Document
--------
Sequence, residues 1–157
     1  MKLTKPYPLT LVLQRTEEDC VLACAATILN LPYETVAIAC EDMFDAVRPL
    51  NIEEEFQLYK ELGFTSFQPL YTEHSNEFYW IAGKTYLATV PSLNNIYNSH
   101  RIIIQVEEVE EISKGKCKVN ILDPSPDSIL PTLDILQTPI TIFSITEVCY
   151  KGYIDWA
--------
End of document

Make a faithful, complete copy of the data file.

Sequence, residues 1–157
     1  MKLTKPYPLT LVLQRTEEDC VLACAATILN LPYETVAIAC EDMFDAVRPL
    51  NIEEEFQLYK ELGFTSFQPL YTEHSNEFYW IAGKTYLATV PSLNNIYNSH
   101  RIIIQVEEVE EISKGKCKVN ILDPSPDSIL PTLDILQTPI TIFSITEVCY
   151  KGYIDWA